D.C. charter schools can never devalue their product

This morning, let’s start with a story. There is a video I love to show to my managers at work. The two-minute vignette is by Under Armour founder Kevin Plank and is about the founding of his company. He talks about his firm’s first big break, which was when his products were featured in the movie Any Given Sunday. Mr. Plank billed filmmaker Oliver Stone $40,000 for all of the clothing that he supplied for the actors. To those who say that he should have provided the material for free his answer is simple: Never devalue your product.

Today, the Washington Post’s Perry Stein has an article questioning whether the city can absorb the 11 new charter schools for which the DC PCSB has received applications to open. Ms. Stein also ponders whether there should be a cap on the number of charters. She writes:

“According to a city analysis, about a fifth of all school buildings are less than 65 percent full. And campuses in the traditional school system are even emptier. That means many of the schools have small enrollments. There are 38 high schools across both sectors serving nearly 20,000 students.”

At the same time, we hear case after case about parents who cannot find a quality school for their children. They find the lottery to be a completely frustrating experience. Some families who can afford to are moving to the suburbs because of their lack of options here in the District. In 2019, there is an almost 12,000 pupil wait list to obtain admission to a charter.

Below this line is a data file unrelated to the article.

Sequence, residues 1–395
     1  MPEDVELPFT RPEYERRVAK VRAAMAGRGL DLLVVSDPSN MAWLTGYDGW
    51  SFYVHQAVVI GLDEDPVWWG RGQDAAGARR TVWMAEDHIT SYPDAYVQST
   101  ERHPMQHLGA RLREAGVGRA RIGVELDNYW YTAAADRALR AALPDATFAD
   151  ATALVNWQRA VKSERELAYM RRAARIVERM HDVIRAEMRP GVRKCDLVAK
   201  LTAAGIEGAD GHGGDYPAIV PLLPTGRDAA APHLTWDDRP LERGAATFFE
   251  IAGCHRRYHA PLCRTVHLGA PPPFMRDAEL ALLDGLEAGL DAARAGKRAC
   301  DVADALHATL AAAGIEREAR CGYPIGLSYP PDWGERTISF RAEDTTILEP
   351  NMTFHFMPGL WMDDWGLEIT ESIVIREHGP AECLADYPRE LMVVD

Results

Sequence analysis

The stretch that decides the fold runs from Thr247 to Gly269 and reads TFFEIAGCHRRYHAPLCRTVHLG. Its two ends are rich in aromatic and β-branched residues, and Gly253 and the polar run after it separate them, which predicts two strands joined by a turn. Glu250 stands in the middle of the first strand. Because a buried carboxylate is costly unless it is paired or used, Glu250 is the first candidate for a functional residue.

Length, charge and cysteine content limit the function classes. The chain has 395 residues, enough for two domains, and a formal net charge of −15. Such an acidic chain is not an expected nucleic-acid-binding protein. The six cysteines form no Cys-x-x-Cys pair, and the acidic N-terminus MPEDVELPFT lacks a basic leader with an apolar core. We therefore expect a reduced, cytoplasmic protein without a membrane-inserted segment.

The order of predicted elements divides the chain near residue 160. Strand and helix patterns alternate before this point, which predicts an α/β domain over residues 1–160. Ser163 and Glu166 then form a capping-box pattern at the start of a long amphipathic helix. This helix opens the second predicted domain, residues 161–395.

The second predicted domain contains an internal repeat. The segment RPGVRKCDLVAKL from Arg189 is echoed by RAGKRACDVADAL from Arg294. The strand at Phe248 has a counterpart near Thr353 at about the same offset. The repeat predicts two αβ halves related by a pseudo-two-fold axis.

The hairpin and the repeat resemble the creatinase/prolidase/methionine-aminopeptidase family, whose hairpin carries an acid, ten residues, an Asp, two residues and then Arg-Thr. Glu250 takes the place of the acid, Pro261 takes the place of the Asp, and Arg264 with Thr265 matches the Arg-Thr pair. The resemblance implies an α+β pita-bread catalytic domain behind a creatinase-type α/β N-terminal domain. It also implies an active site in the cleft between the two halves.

Please do not get distracted. Never devalue our product. If traditional school supporters are concerned about under-enrolled facilities, then low-performing DCPS sites need to be closed. Empty regular schools can be turned over to charters. Co-location can be significantly increased.

We also cannot let the quality of our charters be diluted by the introduction of a teachers’ union. Collective bargaining contracts change the nature of our schools from being the innovative institutions that they are to becoming just another state school. Perhaps as an incentive to prevent this from occurring, the PCSB should change its Performance Management Framework Policy and Technical Guide to proclaim that any charter that has union representation cannot be categorized as Tier 1.

Our children expect us to be brave and bold.

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